Once seated, there began that exhibition of showy, wasteful, and unwholesome gastronomy as practised by wealthy Americans, which is the wonder and astonishment of true culture and dignity the world over. The large bill of fare held an array of dishes sufficient to feed an army, sidelined with prices which made reasonable expenditure a ridiculous impossibility—an order of soup at fifty cents or a dollar, with a dozen kinds to choose from; oysters in forty styles and at sixty cents the half-dozen; entrees, fish, and meats at prices which would house one over night in an average hotel. One dollar fifty and two dollars seemed to be the most common figures upon this most tastefully printed bill of fare.
Carrie noticed this, and in scanning it the price of spring chicken carried her back to that other bill of fare and far different occasion when, for the first time, she sat with Drouet in a good restaurant in Chicago. It was only momentary—a sad note as out of an old song—and then it was gone. But in that flash was seen the other Carrie—poor, hungry, drifting at her wits' ends, and all Chicago a cold and closed world, from which she only wandered because she could not find work.
On the walls were designs in colour, square spots of robin's-egg blue, set in ornate frames of gilt, whose corners were elaborate mouldings of fruit and flowers, with fat cupids hovering in angelic comfort. On the ceilings were coloured traceries with more gilt, leading to a centre where spread a cluster of lights—incandescent globes mingled with glittering prisms and stucco tendrils of gilt. The floor was of a reddish hue, waxed and polished, and in every direction were mirrors—tall, brilliant, bevel-edged mirrors—reflecting and re-reflecting forms, faces, and candelabra a score and a hundred times.
The tables were not so remarkable in themselves, and yet the imprint of Sherry upon the napery, the name of Tiffany upon the silverware, the name of Haviland upon the china, and over all the glow of the small, red-shaded candelabra and the reflected tints of the walls on garments and faces, made them seem remarkable. Each waiter added an air of exclusiveness and elegance by the manner in which he bowed, scraped, touched, and trifled with things. The exclusively personal attention which he devoted to each one, standing half bent, ear to one side, elbows akimbo, saying: "Soup—green turtle, yes. One portion, yes. Oysters—certainly—half-dozen—yes. Asparagus. Olives—yes."
It would be the same with each one, only Vance essayed to order for all, inviting counsel and suggestions. Carrie studied the company with open eyes. So this was high life in New York. It was so that the rich spent their days and evenings. Her poor little mind could not rise above applying each scene to all society. Every fine lady must be in the crowd on Broadway in the afternoon, in the theatre at the matinee, in the coaches and dining-halls at night. It must be glow and shine everywhere, with coaches waiting, and footmen attending, and she was out of it all. In two long years she had never even been in such a place as this.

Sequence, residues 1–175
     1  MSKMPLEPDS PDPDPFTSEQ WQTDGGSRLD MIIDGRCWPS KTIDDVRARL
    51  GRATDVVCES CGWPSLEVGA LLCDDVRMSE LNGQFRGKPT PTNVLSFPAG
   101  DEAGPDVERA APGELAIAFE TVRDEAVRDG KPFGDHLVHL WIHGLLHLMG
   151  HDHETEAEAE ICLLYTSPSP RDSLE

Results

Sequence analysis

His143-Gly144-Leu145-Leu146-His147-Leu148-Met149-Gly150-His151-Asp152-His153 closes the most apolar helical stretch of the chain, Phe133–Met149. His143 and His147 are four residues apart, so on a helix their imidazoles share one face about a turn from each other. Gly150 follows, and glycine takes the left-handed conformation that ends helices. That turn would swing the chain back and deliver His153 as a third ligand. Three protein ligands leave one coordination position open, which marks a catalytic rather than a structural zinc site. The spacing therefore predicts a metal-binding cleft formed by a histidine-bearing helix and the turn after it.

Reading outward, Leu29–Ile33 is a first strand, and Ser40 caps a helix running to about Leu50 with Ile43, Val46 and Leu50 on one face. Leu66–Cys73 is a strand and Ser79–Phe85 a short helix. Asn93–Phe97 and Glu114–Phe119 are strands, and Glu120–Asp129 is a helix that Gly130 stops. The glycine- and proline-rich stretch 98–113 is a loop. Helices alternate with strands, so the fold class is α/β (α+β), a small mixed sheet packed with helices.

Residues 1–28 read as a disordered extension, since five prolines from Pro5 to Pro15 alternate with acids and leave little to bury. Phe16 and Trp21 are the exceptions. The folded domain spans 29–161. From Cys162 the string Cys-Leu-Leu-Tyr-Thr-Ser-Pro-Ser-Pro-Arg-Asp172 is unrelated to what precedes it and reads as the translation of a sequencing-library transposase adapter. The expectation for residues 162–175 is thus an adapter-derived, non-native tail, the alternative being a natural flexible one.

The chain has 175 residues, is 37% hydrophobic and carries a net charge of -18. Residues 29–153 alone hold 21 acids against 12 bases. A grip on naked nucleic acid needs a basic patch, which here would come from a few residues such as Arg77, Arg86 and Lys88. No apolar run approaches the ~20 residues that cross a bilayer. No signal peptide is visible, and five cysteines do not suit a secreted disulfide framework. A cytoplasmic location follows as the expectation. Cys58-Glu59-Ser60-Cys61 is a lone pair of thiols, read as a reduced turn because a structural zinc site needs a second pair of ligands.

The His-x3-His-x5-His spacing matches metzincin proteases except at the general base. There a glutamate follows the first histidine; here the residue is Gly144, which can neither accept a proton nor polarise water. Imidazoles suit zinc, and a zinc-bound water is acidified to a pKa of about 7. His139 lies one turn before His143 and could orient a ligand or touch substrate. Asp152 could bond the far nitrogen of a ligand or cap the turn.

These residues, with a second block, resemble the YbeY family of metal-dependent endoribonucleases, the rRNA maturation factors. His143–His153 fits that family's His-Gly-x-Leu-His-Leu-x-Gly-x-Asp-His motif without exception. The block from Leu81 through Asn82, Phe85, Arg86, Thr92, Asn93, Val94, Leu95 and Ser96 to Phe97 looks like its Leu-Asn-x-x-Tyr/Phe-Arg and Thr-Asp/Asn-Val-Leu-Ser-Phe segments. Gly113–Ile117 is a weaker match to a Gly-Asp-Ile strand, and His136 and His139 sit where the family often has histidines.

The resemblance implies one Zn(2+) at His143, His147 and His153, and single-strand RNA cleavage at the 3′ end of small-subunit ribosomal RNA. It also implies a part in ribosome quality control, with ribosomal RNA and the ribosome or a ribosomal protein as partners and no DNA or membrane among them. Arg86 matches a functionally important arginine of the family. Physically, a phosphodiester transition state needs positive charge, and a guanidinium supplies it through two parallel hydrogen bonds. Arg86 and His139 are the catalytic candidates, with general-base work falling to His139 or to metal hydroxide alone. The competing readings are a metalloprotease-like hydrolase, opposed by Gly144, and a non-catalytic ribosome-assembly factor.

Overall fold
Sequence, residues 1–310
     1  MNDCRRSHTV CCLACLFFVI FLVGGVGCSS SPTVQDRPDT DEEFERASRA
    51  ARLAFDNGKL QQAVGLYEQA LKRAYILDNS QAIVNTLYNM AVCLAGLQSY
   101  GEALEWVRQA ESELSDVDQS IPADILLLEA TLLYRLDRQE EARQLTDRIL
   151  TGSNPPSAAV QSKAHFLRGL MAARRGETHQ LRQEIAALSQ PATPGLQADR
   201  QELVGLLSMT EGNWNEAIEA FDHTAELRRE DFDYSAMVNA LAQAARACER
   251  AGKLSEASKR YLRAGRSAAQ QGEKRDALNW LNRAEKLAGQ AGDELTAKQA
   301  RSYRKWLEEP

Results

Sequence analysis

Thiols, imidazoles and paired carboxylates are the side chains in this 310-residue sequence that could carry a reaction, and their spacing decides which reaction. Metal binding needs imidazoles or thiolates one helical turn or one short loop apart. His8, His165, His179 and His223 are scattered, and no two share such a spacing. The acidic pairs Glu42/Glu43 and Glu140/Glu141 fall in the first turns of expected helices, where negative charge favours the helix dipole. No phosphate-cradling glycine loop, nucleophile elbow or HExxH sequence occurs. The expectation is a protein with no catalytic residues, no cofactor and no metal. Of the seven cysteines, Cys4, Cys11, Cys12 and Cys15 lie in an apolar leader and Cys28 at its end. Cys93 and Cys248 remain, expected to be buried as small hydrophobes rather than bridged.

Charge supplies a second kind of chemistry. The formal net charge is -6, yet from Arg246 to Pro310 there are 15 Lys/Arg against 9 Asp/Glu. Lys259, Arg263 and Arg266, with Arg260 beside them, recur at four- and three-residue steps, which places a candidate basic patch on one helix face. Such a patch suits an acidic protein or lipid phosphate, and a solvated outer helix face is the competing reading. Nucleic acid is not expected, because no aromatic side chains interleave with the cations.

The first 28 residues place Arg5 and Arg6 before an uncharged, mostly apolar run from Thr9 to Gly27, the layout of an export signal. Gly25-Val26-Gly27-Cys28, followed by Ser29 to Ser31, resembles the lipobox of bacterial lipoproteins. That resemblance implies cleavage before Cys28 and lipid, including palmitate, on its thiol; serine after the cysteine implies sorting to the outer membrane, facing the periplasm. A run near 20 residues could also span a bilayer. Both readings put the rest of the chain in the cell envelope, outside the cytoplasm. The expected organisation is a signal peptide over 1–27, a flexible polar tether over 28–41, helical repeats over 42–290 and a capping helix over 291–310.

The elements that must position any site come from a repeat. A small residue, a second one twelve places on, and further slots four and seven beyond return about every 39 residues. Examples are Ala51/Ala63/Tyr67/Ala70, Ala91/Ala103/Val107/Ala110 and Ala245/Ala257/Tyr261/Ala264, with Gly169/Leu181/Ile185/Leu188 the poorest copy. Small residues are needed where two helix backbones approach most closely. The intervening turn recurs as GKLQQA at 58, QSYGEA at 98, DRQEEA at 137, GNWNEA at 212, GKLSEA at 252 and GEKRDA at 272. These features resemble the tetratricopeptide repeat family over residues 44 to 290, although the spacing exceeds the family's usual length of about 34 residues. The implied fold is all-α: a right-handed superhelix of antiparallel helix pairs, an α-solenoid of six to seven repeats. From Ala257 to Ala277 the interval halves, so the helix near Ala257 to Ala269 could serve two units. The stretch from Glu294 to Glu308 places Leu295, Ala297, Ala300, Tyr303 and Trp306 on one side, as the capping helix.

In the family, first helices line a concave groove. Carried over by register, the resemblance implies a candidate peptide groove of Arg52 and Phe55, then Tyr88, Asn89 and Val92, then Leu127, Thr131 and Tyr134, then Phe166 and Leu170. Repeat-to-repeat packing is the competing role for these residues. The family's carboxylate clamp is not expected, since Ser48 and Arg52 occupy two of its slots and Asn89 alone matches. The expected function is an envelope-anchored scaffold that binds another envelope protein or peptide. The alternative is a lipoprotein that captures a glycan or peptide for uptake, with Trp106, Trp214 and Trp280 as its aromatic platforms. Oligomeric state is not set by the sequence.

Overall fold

Vance was in his element here, as Hurstwood would have been in former days. He ordered freely of soup, oysters, roast meats, and side dishes, and had several bottles of wine brought, which were set down beside the table in a wicker basket.
Ames was looking away rather abstractedly at the crowd and showed an interesting profile to Carrie. His forehead was high, his nose rather large and strong, his chin moderately pleasing. He had a good, wide, well-shaped mouth, and his dark-brown hair was parted slightly on one side. He seemed to have the least touch of boyishness to Carrie, and yet he was a man full grown.
"Do you know," he said, turning back to Carrie, after his reflection, "I sometimes think it is a shame for people to spend so much money this way."
Carrie looked at him a moment with the faintest touch of surprise at his seriousness. He seemed to be thinking about something over which she had never pondered.
"Do you?" she answered, interestedly.
"Yes," he said, "they pay so much more than these things are worth. They put on so much show."
"I don't know why people shouldn't spend when they have it," said Mrs. Vance.
"It doesn't do any harm," said Vance, who was still studying the bill of fare, though he had ordered.
Ames was looking away again, and Carrie was again looking at his forehead. To her he seemed to be thinking about strange things. As he studied the crowd his eye was mild.
"Look at that woman's dress over there," he said, again turning to Carrie, and nodding in a direction.
"Where?" said Carrie, following his eyes.
"Over there in the corner—way over. Do you see that brooch?"
"Isn't it large?" said Carrie.
"One of the largest clusters of jewels I have ever seen," said Ames.
"It is, isn't it?" said Carrie. She felt as if she would like to be agreeable to this young man, and also there came with it, or perhaps preceded it, the slightest shade of a feeling that he was better educated than she was—that his mind was better. He seemed to look it, and the saving grace in Carrie was that she could understand that people could be wiser. She had seen a number of people in her life who reminded her of what she had vaguely come to think of as scholars. This strong young man beside her, with his clear, natural look, seemed to get a hold of things which she did not quite understand, but approved of. It was fine to be so, as a man, she thought.